## Is there a way to refute '1+1 = 2'?

Use this forum to discuss the philosophy of science. Philosophy of science deals with the assumptions, foundations, and implications of science.
Hereandnow
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### Re: Is there a way to refute '1+1 = 2'?

Just a quick reminder that if you think that you can refute mathematics you're (nothing personal) basically out of your gourd. For, as has been famously made clear by many, when you bring the rules of math and logic under review, you are reviewing with those very rules you are trying to critique, and this instantly invalidates whatever you say. In other words, you, the cognizing agent, can never "get behind" the logical tools you employ to observe those very logical tools themselves. '1=1+2' cannot be "refuted" any more than modus ponens, the principle of identity or Demorgans theorem, for to do so you would have to step out of logic itself, and that would require another system of "cognition", or whatever it would be called, which can't even be imagined.

What you can do is speak nonsense in the Wittgenstinian therapeutic manner: No mathematical truth is absolutely sustainable, for no absolutes can be reasonably stated, since meaning can only occur within a body of contingently organized, truth conferring propositions. Therefore, '1=1+2' is demoted from its high horse of apodicticity (though this cannot be actually demonstrated) to, as Rorty and others would have it, a mere social contigency. (How social? Tough question. As I see it, after reading a paper by Herbert Meade and others, the mind is an evolved entity, and its structural features, like cognition, are essentially social, given that language is a social function.)

Spiral Out
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### Re: Is there a way to refute '1+1 = 2'?

Hereandnow wrote:'1=1+2' cannot be "refuted"
(I'm assuming you meant "1+1=2")

So then why is a straight line and another straight line the same as a squiggly line?
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Logic_ill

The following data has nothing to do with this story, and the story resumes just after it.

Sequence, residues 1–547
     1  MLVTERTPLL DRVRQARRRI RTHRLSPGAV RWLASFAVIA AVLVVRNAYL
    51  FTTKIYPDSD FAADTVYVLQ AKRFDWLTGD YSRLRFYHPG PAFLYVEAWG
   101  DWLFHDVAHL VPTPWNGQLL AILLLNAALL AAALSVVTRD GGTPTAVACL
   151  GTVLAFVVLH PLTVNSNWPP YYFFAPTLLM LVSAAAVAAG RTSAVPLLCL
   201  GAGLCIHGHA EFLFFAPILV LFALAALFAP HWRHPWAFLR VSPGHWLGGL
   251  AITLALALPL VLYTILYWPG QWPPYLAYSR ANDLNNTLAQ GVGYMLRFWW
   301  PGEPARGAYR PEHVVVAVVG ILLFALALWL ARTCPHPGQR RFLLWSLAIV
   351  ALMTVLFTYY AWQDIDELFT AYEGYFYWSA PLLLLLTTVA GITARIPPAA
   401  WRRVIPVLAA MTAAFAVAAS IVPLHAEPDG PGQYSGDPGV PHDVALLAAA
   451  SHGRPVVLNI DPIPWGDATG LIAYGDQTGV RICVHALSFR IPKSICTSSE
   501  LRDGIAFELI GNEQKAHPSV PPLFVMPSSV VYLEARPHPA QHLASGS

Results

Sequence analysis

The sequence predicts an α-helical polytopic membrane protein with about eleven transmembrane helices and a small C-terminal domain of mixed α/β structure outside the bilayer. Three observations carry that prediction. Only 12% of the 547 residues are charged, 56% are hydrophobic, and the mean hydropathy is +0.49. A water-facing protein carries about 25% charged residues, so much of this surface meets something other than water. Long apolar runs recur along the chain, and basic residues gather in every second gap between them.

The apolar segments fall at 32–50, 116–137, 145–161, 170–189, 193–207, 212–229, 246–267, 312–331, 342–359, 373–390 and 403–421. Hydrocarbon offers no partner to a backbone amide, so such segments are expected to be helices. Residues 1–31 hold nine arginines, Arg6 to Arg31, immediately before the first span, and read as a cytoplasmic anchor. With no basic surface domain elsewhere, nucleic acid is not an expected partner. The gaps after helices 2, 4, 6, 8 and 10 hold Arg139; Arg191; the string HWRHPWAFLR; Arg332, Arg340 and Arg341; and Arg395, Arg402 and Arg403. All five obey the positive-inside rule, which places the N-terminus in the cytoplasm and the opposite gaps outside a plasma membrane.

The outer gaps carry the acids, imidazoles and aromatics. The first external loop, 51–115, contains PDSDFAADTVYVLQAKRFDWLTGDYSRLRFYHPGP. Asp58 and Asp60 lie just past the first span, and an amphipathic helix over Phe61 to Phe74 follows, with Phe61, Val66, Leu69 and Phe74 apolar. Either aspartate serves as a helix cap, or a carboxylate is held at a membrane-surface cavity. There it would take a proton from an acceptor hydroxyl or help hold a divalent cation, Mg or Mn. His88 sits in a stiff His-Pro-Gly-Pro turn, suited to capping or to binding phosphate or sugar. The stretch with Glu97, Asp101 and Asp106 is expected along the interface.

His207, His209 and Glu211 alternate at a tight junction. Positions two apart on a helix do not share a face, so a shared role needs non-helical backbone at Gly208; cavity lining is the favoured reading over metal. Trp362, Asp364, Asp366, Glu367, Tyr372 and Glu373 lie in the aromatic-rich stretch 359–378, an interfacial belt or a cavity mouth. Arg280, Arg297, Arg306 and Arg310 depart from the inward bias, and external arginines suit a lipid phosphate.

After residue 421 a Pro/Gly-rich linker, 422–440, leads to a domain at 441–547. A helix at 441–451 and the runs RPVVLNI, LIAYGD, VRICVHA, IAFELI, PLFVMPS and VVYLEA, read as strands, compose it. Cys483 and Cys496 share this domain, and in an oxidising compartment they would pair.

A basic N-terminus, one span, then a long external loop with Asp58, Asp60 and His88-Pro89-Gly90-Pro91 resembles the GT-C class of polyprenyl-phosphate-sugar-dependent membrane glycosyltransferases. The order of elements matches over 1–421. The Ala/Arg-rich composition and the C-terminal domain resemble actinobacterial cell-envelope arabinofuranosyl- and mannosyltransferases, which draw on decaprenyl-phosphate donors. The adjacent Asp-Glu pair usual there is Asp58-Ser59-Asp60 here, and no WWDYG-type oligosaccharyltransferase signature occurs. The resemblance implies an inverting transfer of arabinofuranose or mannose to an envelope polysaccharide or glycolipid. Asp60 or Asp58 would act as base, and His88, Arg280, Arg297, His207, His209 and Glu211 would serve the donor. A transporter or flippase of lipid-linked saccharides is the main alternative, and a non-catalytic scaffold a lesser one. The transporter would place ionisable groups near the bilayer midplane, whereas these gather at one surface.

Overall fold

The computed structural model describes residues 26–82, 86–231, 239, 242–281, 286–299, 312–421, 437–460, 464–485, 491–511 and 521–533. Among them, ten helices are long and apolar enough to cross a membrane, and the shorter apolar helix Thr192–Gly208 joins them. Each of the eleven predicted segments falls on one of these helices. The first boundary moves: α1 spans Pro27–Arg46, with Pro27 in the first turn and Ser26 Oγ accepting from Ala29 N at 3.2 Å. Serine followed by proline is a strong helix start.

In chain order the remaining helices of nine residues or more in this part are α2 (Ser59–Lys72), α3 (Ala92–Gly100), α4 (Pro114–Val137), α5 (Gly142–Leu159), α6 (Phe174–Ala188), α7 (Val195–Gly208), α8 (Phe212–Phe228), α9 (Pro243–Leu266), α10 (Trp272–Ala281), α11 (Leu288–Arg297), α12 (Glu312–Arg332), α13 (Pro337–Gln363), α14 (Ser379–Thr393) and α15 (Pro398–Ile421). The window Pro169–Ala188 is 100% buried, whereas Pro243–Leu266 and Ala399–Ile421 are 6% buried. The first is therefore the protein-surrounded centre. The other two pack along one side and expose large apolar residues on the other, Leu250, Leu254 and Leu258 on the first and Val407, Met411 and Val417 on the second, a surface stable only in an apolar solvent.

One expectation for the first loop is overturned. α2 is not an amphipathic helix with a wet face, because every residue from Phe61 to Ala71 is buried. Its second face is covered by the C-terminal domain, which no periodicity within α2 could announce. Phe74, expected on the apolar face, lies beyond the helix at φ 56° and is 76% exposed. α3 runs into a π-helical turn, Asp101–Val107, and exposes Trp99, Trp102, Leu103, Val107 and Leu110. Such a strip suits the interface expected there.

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### Re: Is there a way to refute '1+1 = 2'?

Sure, by using other symbols that probably mean the same thing anyway. But another being may not view a unit as one, but as composed of various parts, due to its sensory perception. So, one rock, for example, may be perceived as various pieces, and the concept would not be grasped.

Even the line, which represents one to humans, may not seem like a line to other "intelligent" beings.

Hereandnow
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### Re: Is there a way to refute '1+1 = 2'?

Spiral Out: So then why is a straight line and another straight line the same as a squiggly line?
When is a straight line not a straight line and a squiggly line not a squiggly line? When these have symbolic designations.The signifier, the lines, are arbitrary. The concept, or the logical "sense" is what is in play.

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### Re: Is there a way to refute '1+1 = 2'?

The concept behind mathematics (1+1=2) is an entirely arbitrary construct which was created and (semi)voluntarily agreed upon by beings with a fundamentally limited capacity for understanding the nature of an objective reality.

It is quite easy to refute the idea that 1+1=2 simply by disagreeing with the provisional definitions of the terms.

The only thing that is irrefutable is the objective truth that an object next to another object is as it appears, which doesn't necessarily correspond to the concept of 1+1=2.
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Hereandnow
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### Re: Is there a way to refute '1+1 = 2'?

Spiral out: The concept behind mathematics (1+1=2) is an entirely arbitrary construct which was created and (semi)voluntarily agreed upon by beings with a fundamentally limited capacity for understanding the nature of an objective reality.

It is quite easy to refute the idea that 1+1=2 simply by disagreeing with the provisional definitions of the terms.

The only thing that is irrefutable is the objective truth that an object next to another object is as it appears, which doesn't necessarily correspond to the concept of 1+1=2.
Objective reality? What's that? Logicality is not arbitrary; but then, if your claim is that 1+1=2 can be valid only if compared to Objective Reality (the state of affairs that that is REAL, non-contingently the case) then your refutation must be cast in terms outside of contingency in order to speak reasonably of such a thing. Note that the utterance "The concept behind mathematics (1+1=2) is an entirely arbitrary construct" is a meta-logical one. Where is basis for this?

Londoner
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### Re: Is there a way to refute '1+1 = 2'?

It is a question of which tools are appropriate. Any logical argument is built on axioms and the axioms appropriate in one area are not appropriate in another.

For example, what is true in Euclidean geometry is not true in three dimensions, so since no object exists in a Euclideian universe (i.e in only two dimensions) in what sense is a Euclidean proof 'true'?

Nor do the rules of geometry apply to maths; a fact that troubled philosophers from ancient times. If we claimed both maths and geometry deliver something called 'the truth', then surely it ought to be the same truth?